Failing to channelize the full potential of MSW does not mean the spirit of this noble work disappeared. It remained alive by the number of charity workers, philanthropists and doctors in disasters, like the earthquake in 2005, floods in 2010, and the COVID-19 pandemic. Some of the stories are inspiring, and shed light on the need of MSWs in disasters and crises.

Ms. Gull was a survivor of the 2005 earthquake that did not only jolt the Azad Jammu and Kashmir region, but left painful stories of human misery.  She got injured, and lost her son and husband in the earthquake. She had to move to the Camp Village at Balakot in Kashmir. She had experienced severe trauma due to loss of her beloved ones, home and family. Besides medical assistance, she was in dire need of psycho-social support to get back to normal life. Church World Service, a non-governmental organisation (NGO), provided her therapy and counselling. The process involved establishment of rapport, trust with staff members, and engagement with other women in learning. With consistent bio-psycho-social support, she recovered from trauma and looked forward to building a new life.34

Such inspiring interventions are not limited to disasters alone, but are also witnessed in routine everyday situations. The story of Farzana Shakeel is one of hundreds of such stories. She was an experienced vaccinator; her stories showcased the need of community intervention for increasing vaccination coverage to the far-flung areas where people were unwilling to get their child vaccinated.  Working in such hard areas, where people pelt vaccination teams with stones, shout at them and slam the door shut on them, she did not quit her job and kept vaccinating the children despite the challenges.35

The lesson learnt from the latter story is that professional medical social workers can play their role proactively. The approach of SW to engage community for positive change, promote dialogue and generate indigenous support for health workers for spearheading the vaccination programme in far-flung areas is the significant component which is missing due to non-expansion of MSW within the healthcare setting.

It is true that in the countries ranked high in terms of health indicators, social workers are playing a crucial role. They, as part of multidisciplinary teams, are not only assisting in diagnosing and dealing with the psycho-social determinants of health, but have a central role in planning and policy formulation. They have been involved in teaching at medical schools to educate medical students regarding socio-psychological aspects of disease, and addressing strategies as well.36 But unfortunately in Pakistan, perhaps due to some confusion in the minds of those at the helms of affairs about the discipline, we have not been able yet to identify the role of professional social workers in healthcare settings.

Some other researchers are also of the view that the MSW profession in Pakistan seems nascent, rather in the formative phase. Decades since independence, it has failed to get accreditation in policy papers as well as in implementation stratagem. The profession has been a victim of state negligence and apathy.6,10 Though quick recognition of MSW could have been a great opportunity for the profession to have a greater impact on society, the opportunity was not channelized in letter and in spirit. Consequently, MSW remained limited to disbursement of Zakat fund only, which is just one of the components of the MSW profession. For instance, medical social workers could play a proactive role during the Afghan War, the War against Terrorism, and the current COVID-19 pandemic. With MSW being unable to contribute fully, the gap was filled by doctors, philanthropists and charity persons in Pakistan.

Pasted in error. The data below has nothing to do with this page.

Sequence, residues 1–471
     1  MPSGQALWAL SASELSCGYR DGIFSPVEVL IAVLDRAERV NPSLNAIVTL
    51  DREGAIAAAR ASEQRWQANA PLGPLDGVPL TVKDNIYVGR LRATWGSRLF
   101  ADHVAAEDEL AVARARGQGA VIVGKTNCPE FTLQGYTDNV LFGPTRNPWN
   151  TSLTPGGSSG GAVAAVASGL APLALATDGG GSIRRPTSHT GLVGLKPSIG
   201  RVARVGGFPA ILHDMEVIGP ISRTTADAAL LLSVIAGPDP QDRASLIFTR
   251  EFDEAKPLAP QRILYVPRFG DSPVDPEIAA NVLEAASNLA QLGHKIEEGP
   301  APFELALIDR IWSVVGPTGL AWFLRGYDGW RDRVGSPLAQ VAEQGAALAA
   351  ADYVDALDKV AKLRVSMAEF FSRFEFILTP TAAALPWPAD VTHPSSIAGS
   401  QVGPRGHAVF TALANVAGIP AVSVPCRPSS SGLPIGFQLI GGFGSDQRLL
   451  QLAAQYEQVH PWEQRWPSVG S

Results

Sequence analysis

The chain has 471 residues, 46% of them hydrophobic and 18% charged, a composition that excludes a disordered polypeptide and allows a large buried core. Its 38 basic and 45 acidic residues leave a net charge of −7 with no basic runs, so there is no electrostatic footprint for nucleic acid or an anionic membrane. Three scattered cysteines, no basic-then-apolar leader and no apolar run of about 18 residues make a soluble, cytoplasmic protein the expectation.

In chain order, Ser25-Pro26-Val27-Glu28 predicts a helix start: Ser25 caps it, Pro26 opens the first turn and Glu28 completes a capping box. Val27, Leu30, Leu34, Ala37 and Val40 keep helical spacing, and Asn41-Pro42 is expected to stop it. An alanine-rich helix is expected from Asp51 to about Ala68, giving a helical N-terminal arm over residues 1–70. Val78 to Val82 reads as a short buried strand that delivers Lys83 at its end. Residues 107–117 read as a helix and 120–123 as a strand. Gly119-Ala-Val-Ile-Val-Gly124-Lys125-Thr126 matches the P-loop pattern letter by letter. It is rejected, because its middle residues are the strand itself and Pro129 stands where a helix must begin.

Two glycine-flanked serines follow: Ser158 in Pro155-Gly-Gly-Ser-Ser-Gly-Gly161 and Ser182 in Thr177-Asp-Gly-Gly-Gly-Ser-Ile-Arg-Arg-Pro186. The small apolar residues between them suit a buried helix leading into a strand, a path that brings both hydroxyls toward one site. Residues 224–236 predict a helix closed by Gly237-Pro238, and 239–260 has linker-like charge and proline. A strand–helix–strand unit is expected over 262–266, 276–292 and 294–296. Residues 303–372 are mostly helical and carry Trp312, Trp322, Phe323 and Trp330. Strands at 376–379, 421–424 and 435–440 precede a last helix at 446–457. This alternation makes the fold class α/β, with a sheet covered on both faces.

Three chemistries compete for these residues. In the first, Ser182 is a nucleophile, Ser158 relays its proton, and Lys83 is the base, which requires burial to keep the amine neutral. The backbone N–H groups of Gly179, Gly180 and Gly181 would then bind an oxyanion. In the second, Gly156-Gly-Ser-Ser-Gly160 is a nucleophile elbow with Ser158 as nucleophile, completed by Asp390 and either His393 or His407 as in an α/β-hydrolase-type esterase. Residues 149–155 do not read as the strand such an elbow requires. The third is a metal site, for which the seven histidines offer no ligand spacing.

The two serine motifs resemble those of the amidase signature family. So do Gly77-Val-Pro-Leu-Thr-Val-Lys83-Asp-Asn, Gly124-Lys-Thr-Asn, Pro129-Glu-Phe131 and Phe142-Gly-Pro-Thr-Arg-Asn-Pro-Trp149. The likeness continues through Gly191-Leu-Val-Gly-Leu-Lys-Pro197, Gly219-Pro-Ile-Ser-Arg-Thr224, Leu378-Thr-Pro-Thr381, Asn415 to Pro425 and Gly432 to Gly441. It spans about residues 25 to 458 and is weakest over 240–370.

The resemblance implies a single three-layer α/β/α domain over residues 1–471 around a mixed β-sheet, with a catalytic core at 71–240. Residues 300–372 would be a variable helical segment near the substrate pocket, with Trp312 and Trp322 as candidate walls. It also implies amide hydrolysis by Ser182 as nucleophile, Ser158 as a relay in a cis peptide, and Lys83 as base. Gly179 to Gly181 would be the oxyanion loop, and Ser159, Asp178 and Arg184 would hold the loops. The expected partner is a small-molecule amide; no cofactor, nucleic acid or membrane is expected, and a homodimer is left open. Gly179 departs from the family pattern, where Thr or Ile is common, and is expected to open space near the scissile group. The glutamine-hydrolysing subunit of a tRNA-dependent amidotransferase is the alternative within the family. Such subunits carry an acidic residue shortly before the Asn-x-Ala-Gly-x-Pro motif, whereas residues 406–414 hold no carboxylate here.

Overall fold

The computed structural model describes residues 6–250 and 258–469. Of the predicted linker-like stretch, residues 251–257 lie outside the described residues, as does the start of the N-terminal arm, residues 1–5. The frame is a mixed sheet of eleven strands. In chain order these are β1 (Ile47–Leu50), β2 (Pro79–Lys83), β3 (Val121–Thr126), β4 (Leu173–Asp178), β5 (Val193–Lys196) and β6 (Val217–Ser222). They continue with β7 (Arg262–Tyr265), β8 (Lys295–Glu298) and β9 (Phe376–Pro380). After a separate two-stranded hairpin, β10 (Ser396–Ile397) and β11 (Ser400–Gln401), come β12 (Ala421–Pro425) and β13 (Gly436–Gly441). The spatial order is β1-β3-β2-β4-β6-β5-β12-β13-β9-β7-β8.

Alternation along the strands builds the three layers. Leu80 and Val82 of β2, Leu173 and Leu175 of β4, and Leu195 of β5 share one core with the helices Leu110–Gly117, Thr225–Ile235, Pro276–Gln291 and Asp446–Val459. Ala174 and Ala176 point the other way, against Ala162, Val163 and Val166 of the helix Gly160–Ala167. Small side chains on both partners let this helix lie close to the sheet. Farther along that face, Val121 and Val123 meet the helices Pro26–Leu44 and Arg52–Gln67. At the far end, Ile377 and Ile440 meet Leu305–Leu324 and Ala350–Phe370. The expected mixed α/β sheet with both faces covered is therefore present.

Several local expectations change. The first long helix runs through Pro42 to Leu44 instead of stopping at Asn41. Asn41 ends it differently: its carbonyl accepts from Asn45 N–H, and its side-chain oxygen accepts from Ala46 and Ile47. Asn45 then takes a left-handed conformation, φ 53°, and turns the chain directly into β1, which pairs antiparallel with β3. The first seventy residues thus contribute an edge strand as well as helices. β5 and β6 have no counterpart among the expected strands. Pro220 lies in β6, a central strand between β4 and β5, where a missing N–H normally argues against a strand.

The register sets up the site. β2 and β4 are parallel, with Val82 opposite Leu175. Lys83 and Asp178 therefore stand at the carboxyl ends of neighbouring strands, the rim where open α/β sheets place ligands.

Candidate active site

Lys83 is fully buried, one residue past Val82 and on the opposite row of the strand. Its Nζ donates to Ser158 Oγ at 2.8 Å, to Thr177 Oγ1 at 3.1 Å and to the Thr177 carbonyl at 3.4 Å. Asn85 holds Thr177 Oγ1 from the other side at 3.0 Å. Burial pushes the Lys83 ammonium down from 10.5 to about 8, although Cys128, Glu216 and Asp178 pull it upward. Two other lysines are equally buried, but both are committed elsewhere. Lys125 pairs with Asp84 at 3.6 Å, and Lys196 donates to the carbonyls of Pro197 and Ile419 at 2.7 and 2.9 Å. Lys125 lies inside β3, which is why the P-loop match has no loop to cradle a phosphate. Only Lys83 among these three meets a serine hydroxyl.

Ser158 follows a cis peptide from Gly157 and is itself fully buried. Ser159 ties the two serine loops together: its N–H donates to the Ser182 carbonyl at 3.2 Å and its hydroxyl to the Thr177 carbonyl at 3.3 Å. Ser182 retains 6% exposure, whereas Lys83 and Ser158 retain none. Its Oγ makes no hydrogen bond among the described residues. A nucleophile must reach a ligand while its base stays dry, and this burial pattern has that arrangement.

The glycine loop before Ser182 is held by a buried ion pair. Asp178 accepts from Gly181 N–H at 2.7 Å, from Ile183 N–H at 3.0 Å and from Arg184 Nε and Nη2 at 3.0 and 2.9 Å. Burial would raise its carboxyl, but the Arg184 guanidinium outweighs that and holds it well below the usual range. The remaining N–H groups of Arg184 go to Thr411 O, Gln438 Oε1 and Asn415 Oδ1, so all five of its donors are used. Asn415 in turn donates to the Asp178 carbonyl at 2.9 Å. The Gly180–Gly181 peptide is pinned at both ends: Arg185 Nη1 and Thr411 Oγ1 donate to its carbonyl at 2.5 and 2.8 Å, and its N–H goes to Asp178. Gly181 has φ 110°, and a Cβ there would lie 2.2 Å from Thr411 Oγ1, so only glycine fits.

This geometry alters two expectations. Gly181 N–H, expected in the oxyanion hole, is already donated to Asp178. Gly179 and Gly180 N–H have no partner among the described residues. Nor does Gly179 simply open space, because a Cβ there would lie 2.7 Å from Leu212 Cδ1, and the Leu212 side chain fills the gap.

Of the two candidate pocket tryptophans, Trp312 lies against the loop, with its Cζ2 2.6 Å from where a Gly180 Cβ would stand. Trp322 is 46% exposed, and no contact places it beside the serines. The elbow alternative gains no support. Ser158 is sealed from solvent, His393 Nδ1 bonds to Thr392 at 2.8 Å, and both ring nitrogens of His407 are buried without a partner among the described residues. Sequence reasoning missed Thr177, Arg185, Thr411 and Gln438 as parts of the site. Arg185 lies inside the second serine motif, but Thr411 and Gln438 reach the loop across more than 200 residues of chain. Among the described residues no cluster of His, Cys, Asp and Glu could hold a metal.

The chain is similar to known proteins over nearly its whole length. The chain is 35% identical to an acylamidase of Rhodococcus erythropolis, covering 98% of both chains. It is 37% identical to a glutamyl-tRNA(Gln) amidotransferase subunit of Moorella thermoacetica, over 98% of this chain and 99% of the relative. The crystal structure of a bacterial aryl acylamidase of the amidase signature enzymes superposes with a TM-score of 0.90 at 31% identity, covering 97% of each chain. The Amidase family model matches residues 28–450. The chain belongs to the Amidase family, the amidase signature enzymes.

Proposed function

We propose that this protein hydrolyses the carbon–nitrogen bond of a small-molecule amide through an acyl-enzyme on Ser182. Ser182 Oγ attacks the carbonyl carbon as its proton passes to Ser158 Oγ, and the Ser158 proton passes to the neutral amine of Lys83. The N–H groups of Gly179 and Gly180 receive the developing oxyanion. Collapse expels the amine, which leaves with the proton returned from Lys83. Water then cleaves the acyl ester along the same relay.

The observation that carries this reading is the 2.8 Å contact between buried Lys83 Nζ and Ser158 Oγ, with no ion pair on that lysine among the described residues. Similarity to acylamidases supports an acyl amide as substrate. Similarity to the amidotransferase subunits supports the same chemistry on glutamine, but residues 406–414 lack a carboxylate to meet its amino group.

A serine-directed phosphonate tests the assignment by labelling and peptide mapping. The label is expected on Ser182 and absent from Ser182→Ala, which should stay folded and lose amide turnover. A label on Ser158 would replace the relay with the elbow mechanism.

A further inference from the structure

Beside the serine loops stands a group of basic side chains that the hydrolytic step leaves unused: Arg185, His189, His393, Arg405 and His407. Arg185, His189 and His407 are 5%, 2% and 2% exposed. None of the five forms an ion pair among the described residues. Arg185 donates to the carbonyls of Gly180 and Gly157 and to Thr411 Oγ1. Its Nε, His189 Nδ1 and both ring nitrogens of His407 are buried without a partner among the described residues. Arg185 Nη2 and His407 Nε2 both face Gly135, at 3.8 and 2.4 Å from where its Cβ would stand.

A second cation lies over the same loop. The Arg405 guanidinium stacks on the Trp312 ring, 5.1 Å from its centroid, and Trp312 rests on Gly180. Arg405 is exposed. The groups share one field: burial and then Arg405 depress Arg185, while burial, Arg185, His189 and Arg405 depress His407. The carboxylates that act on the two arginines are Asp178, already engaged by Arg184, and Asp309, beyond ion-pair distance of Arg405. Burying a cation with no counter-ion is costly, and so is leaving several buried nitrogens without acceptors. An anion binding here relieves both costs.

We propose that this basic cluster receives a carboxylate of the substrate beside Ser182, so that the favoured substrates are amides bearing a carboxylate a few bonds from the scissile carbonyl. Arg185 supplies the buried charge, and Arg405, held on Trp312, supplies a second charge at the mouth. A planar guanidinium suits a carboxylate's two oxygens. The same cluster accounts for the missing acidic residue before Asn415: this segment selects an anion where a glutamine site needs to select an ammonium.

It is deduced that MSW profession is still in its developing stage even after more than seventy years of its introduction in Pakistan. MSW skills and services are still vague, followed by current practices without any rationale. SW services have not been fully integrated with healthcare administrators and even healthcare professionals. The role of social workers in healthcare setting is limited; they are not providing counselling and rehabilitation services to patients in the bio-psycho-social perspective. Resultantly, the very nature of the profession has been deformed and even the profession is outdated compared to international practices where licensing of the professional social workers is mandatory to practice SW in the field. In countries like Pakistan where adverse socio-cultural and environmental factors have considerable effect on public health, individual and community-based public health interventions of social workers can play a distinctive role in achieving better health indicators as well as to make the health system more responsive. Hence, SW services have a broader scope in the healthcare field in Pakistan, but unfortunately the existing scenario is dismal. The situation calls for a joint intervention of social welfare and health authorities for restructuring the services of MSW through legislation, registration of professional social workers, defining their role and integrating them into the healthcare system. This way, healthcare facilities in the country’s medical services would be primarily focussed on biological treatment, while professions like MSW will lessen the burden of patients on healthcare institutions and, thus, will contribute to improving the country’s ranking related to the human development index.


Disclaimer: None.

Conflict of Interest: None.

Source of Funding: None.